On the side
The Vindicator sent letters last week to certain candidates running in the Nov. 3 general election asking them to fill out questionnaires. The candidates who received the questionnaires are running for Youngstown City Council [only the five wards with competitive races]; mayors in Campbell, Struthers and Warren; trustees in Austintown, Boardman, Canfield and Liberty; and for school board seats in Austintown, Boardman, Canfield, Poland, South Range, Youngstown, Girard and Liberty.
If you are running in one of those races and haven’t received a letter, please call me at 330-747-1471 ext. 1264 or email me at firstname.lastname@example.org.
If you have the letter and have done nothing with it, drop everything, follow the instructions and complete the online questionnaire.
Meanwhile, the Mahoning Valley Democratic Club will have its endorsement meeting at 1 p.m. Saturday at the Lowellville Mount Carmel Society hall, 104 Washington St. Each candidate will have two minutes to speak.
Anyone paying the club’s $10 dues – and new members can sign up beginning at 12:15 p.m. – can vote on the endorsements.
The pay-that-day endorsement policy has served the club well over the years, bringing in a decent amount of money used to advertise its endorsed candidates.
I have no doubt that those who’ve spent the last two years putting together a study as to how Youngstown can increase economic development did so with good intentions.
However, history shows the numerous other studies that detailed how to improve the city accomplish very little.
This one didn’t get off to a good start.
The Youngstown State University Center for Urban and Regional Studies took the lead on discussing this study with local stakeholders and the media Tuesday.
I’ve dealt with the CURS staff there before, and they do very good work.
But the 465-page report was made available to just a few people at the event. I was told by one of the organizers that the study was just printed that day.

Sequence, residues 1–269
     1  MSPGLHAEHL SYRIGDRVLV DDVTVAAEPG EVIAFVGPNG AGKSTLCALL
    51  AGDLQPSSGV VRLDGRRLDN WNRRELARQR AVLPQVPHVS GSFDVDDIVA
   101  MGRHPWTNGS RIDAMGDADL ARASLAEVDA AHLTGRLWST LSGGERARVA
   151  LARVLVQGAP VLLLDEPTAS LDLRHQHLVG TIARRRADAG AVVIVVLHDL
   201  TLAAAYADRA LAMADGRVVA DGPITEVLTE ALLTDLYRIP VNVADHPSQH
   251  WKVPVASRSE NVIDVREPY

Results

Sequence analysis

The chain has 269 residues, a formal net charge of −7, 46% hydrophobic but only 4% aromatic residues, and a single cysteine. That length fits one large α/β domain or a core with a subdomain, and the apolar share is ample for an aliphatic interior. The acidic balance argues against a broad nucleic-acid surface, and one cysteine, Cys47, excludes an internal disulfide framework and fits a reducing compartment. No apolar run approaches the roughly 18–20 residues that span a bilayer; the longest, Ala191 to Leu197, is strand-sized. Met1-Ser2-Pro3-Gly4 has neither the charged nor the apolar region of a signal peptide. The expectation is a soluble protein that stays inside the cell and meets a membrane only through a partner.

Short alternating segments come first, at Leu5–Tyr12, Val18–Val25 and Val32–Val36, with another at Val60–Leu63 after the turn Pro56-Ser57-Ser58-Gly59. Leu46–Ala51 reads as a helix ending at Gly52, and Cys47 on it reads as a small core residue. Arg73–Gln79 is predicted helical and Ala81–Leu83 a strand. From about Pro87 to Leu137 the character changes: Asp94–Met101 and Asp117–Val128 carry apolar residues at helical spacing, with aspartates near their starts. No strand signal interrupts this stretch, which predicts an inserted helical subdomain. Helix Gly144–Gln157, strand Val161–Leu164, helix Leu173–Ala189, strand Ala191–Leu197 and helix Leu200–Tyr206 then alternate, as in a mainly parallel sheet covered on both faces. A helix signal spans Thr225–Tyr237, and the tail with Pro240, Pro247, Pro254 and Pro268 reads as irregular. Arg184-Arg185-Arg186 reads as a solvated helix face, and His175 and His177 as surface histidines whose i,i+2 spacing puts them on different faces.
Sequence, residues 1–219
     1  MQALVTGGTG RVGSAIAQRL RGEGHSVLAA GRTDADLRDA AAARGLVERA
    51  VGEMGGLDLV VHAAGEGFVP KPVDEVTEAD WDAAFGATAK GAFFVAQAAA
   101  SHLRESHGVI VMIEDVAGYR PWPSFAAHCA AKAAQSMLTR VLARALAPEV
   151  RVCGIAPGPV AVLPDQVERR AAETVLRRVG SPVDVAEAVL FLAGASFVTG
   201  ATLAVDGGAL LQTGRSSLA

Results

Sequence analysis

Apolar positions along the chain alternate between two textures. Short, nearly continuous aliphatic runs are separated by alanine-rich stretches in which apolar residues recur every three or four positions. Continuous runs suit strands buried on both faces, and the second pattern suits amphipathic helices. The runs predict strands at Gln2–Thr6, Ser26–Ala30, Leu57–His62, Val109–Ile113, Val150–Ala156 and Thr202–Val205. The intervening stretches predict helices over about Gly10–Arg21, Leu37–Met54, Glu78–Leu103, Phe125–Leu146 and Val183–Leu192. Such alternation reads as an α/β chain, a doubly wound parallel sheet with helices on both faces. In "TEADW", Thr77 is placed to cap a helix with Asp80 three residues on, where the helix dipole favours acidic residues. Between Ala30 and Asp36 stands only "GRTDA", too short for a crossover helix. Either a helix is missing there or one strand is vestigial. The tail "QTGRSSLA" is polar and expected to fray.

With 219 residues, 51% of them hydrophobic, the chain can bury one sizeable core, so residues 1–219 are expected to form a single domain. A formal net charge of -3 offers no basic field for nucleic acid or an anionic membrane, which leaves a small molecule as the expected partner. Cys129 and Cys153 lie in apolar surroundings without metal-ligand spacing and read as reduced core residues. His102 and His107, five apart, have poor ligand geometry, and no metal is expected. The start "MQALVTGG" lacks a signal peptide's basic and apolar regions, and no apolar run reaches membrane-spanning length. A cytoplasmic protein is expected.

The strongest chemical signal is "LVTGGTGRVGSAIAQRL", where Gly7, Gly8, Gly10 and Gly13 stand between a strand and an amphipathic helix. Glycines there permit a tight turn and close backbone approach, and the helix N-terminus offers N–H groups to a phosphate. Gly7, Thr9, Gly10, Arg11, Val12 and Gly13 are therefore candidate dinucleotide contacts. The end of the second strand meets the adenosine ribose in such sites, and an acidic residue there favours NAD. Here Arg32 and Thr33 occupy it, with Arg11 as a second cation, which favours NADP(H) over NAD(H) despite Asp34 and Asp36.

It was so lacking in detail that one media outlet at the event concentrated on an aspect of the proposal that was introduced a couple of months ago.
I was also told by others at the announcement that the study would be available online. Before I left, a CURS official said it would be a few days before it was put on a couple of websites. As of late Thursday, it wasn’t on either.
I would think you’d put the study online first and then hand out printed copies.
It’s a challenge to write about a report when you don’t have access to it, and have to rely on the broad goals listed on a projector.
For argument’s sake, let’s say the study has tremendous merit. It’s going to be a challenge to get much done.
As Ronald Chordas, CURS’s executive director, said Tuesday and other times over the past few years: It’s a lot easier to obtain money for studies than to implement them.
This study was funded by a $220,000 grant from the U.S. Economic Development Administration.
YSU officials said they’ll be pursuing a federal Department of Transportation grant for infrastructure improvements. But that funding isn’t available until April 2016.
I asked Michael A. Hripko, YSU’s associate vice president of research, why this study was different from the others that were supposed to turn around Youngstown, and he said, “I see synergy among community leaders and our institutions. The leaders say, ‘These are noble goals and reasonable goals.’”
The same was said more than a decade ago during the unveiling of the Youngstown 2010 plan.
The $300,000 plan received international attention, and the 150-page report, which sits on my desk collecting dust, was going to right-size the city.
However, the city’s population declined significantly more than anyone or anything – including the plan, adopted in 2005 – anticipated.
The two key points in it that became reality were revitalization of downtown – though there’s a good argument that reopening Federal Street is the main reason – and demolishing a lot of vacant houses.
In September 2012, a $250,000 study, called “The Youngstown Plan” (not to be confused with the recent state plan by the same clever name to take over the city school district), offered more than 50 recommendations to overhaul city government operations.
About six or eight recommendations were implemented, but this plan was so off the mark in predicting a multi-million-dollar deficit for Youngstown in 2013 that it’s probably not worth a serious look.
One recommendation it made was to consider selling the city-owned Covelli Centre, which turns a profit for Youngstown.
The city then spent $50,000 for a company to examine the operations of the center. That study urged the city not sell or lease the center. The city attempted to do so, but didn’t receive any proposals and quickly dropped that thought.
I could go on about a couple of water studies, including a $100,000 one that was dead on arrival when I reported that it recommended imposing a 2 percent to 2.25 percent income tax on those who work and/or live in Austintown and Boardman, and receive city water.
With this new plan, $1.34 million has been spent in the last decade on studies to improve the city without much success.
The point is this latest study probably includes great ideas, but implementing them are significantly more difficult, and not possible in most cases.
But at 465 pages, it makes a nice doorstop when copies are available.